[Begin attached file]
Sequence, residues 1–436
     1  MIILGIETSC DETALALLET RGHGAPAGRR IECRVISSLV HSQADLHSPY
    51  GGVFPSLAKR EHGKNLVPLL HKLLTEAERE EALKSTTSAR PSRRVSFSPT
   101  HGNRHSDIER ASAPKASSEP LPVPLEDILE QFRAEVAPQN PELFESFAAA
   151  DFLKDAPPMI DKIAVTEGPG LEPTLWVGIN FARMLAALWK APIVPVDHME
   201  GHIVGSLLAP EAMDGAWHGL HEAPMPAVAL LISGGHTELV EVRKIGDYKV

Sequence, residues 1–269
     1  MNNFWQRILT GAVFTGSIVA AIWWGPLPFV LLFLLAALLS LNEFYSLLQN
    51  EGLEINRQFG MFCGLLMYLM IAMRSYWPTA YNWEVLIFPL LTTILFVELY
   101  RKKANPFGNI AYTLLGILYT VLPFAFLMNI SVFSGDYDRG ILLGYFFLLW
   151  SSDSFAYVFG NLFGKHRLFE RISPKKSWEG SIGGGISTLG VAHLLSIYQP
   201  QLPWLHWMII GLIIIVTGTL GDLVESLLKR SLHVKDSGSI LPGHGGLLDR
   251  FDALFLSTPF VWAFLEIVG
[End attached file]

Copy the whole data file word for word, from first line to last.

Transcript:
Sequence, residues 1–436
     1  MIILGIETSC DETALALLET RGHGAPAGRR IECRVISSLV HSQADLHSPY
    51  GGVFPSLAKR EHGKNLVPLL HKLLTEAERE EALKSTTSAR PSRRVSFSPT
   101  HGNRHSDIER ASAPKASSEP LPVPLEDILE QFRAEVAPQN PELFESFAAA
   151  DFLKDAPPMI DKIAVTEGPG LEPTLWVGIN FARMLAALWK APIVPVDHME
   201  GHIVGSLLAP EAMDGAWHGL HEAPMPAVAL LISGGHTELV EVRKIGDYKV

Sequence, residues 1–269
     1  MNNFWQRILT GAVFTGSIVA AIWWGPLPFV LLFLLAALLS LNEFYSLLQN
    51  EGLEINRQFG MFCGLLMYLM IAMRSYWPTA YNWEVLIFPL LTTILFVELY
   101  RKKANPFGNI AYTLLGILYT VLPFAFLMNI SVFSGDYDRG ILLGYFFLLW
   151  SSDSFAYVFG NLFGKHRLFE RISPKKSWEG SIGGGISTLG VAHLLSIYQP
   201  QLPWLHWMII GLIIIVTGTL GDLVESLLKR SLHVKDSGSI LPGHGGLLDR
   251  FDALFLSTPF VWAFLEIVG